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Welcome to Miss Molly and Aspergers! :)

Hello there, welcome to my blog Miss Molly and Aspergers! My name is Molly and I am a teenage girl with Aspergers Syndrome.

I have created this blog to help create awareness of Autism Spectrum Disorder.

TIP: Search Aspergers on Facebook and you will find dozens of amazing communities and support networks! If you choose to interact in one of these communities, you may even make some great friends who are also Aspies, like I have.

Why you may find use in my blog:
Insight, support, self-research/experience and understanding (awareness) will be covered in the content of Miss Molly and Aspergers, including the following subjects and more:

- Bullying/dealing with peers
- Surviving in social situations
- Hobbies/Obsessions and Interests
- School/Life
- Communication - Social skills - Understanding spoken and unspoken language norms.
- Sensory Issues/ sound, smell, sight, taste, feel, (textures) - the ability to experience heightened senses - and coping with the strong diversions (intolerance)
- Importance of Routine and Structure
- Friendships
- Coping with Meltdowns and dealing with the aftermath (consequences - I.e Social embarrassment)
- Dealing with people who do not acknowledge the existence of The Autism Spectrum (ASD). People who therefore are unable to acknowledge the rhyme and reasons for your differences.

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© Molly Tylor and Miss Molly and Aspergers, 2013-2014. Unauthorized use and/or duplication of this material without express and written permission from this blog’s author and/or owner is strictly prohibited. Excerpts and links may be used, provided that full and clear credit is given to Molly Tylor and Miss Molly and Aspergers with appropriate and specific direction to the original content.

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Friday, June 1, 2012

Aspies struggle to think before acting/speaking - please read this to understand

I would like to share this experience of mine.

I have found after settling into my new school, my first mainstream high school after 4 years of Distance Education, I have a habit that has resurfaced.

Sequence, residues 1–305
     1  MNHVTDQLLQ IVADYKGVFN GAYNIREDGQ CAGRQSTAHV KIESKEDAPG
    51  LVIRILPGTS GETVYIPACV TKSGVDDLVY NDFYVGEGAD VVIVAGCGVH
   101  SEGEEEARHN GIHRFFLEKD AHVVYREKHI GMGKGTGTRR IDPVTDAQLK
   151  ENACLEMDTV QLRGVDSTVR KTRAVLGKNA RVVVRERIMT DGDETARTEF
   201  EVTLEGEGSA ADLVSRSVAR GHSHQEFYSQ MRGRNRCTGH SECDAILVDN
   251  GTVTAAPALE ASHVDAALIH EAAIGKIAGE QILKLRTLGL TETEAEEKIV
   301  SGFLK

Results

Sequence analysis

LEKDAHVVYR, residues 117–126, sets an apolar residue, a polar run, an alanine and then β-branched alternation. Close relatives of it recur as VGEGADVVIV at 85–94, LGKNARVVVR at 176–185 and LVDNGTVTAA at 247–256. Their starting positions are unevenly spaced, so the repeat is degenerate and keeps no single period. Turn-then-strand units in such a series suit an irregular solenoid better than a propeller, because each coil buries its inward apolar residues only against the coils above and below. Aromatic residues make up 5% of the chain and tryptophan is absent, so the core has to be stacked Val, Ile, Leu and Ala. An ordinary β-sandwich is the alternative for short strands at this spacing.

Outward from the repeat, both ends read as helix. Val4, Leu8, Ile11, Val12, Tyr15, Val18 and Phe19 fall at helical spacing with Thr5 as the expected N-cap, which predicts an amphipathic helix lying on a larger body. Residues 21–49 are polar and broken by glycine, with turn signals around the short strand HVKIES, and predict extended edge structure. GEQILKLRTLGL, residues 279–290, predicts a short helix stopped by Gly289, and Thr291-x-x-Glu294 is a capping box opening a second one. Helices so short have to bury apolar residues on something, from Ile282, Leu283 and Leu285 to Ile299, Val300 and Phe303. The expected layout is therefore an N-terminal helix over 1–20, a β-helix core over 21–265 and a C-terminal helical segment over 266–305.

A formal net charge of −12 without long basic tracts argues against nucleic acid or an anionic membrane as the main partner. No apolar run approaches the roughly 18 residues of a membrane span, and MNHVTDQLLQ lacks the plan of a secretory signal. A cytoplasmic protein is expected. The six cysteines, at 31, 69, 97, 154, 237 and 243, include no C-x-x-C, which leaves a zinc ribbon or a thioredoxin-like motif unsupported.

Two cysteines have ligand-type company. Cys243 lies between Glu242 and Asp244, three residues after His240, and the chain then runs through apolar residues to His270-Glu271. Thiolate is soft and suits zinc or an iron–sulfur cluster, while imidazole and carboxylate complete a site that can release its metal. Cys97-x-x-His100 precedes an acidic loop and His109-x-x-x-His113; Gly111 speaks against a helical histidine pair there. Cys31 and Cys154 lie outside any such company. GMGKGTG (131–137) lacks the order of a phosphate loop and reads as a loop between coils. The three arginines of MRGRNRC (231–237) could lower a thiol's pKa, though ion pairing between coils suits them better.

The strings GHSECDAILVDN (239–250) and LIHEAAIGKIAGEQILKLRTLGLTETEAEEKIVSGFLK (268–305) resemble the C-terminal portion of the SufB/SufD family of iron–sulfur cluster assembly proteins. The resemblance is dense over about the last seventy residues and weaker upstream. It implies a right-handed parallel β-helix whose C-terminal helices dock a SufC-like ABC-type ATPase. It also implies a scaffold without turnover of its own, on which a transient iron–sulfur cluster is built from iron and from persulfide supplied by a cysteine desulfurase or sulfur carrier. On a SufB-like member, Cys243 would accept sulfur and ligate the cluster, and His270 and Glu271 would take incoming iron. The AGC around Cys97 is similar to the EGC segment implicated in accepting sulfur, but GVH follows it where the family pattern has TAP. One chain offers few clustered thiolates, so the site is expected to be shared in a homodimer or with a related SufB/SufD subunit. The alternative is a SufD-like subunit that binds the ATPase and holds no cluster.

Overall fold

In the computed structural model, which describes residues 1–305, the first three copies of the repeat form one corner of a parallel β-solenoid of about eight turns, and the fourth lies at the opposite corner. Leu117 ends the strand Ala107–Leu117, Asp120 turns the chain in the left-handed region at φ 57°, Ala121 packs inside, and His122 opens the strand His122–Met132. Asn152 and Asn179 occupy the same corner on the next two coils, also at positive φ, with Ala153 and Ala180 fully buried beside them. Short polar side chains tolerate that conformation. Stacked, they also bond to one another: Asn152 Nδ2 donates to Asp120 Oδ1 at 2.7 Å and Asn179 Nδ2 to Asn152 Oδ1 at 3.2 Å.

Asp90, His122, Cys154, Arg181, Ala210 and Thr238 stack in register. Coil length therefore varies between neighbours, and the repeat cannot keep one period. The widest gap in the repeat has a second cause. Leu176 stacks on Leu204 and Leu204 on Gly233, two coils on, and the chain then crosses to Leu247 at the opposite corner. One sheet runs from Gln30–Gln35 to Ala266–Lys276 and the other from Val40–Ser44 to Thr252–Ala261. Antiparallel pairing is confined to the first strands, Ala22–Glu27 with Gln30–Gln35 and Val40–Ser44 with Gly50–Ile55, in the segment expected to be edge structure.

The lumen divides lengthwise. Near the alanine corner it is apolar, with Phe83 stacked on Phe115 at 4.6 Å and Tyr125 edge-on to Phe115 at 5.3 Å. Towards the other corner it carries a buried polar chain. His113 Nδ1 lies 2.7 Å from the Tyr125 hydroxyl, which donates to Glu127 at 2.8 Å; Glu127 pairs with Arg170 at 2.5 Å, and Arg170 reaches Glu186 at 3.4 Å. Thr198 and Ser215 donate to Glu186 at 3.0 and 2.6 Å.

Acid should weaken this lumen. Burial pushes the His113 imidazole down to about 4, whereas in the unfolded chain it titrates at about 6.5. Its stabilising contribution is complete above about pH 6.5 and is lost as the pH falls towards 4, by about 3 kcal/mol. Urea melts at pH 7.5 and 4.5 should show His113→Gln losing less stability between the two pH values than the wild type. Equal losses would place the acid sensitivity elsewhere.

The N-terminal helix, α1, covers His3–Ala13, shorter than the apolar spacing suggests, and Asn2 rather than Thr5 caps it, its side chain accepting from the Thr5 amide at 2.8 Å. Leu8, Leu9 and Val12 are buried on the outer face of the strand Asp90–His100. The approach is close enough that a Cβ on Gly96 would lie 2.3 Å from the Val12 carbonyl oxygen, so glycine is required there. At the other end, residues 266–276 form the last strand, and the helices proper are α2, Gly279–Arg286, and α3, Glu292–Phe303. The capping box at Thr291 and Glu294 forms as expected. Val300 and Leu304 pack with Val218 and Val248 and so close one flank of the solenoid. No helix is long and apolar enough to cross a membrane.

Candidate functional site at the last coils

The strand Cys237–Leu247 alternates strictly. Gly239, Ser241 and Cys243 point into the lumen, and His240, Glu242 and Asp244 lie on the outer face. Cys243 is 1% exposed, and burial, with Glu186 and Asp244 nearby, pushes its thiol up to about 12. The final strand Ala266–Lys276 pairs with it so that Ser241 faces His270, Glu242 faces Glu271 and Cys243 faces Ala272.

I mention in my first post that I had taught myself to "think before I act".

However I am finding I am starting to increasingly slip things out with out thinking.
This is a detrimental Aspergers trait.

Many Aspergers kids have this trouble which can cause them to be bullied and looked down upon.

There are things we will say or do in the present. Only after will we realize it was the wrong thing to have done and that's when we suffer consequences. Wether that be punishment for a wrong doing or conflict from peers.

We do this because we say what ever comes to top of our thoughts. It is to do with how we process information.
This can cause us to say things we mean a different way to how others interpret it.
Once said we are left with the struggle to convince the others what we were actual meant to say. Which can easily back fire as they get confused and we easily stumble over words.

We will speak what our brain have processed from the present social situations and surroundings. This is a way of release for us. This can be an issue when we think things through differently to what is actually going on.

There are Aspies that will not acknowledge their wrong doing.
For those who do; we will spend a lot of time and energy dwelling on our mistakes.

I ask for those of you supporting, living, working and socializing with an Aspie:
 To tell us when we do or say something wrong whilst giving us understanding.

If we known the difference between the wrong and right things we do and say. We can acknowledge our mistakes and learn from them.

Please recognize it is very hard to train our minds to "think before we act". 
We can improve this and may eventually train ourselves to do this completely. However sometimes through difficult situations our speaking/doing before we think can again become prevalent.

If you can understand this is a hard thing for us to do and to accept the odd thing we will say. Things will be much more pleasant for all in the situation.

~ Molly xo

1 comment:

  1. I'm an aspergers guy too, I can really relate to this - I keep putting my foot in things at work, making me worried about my job stability but its hard processing the outcome of something before it happens.

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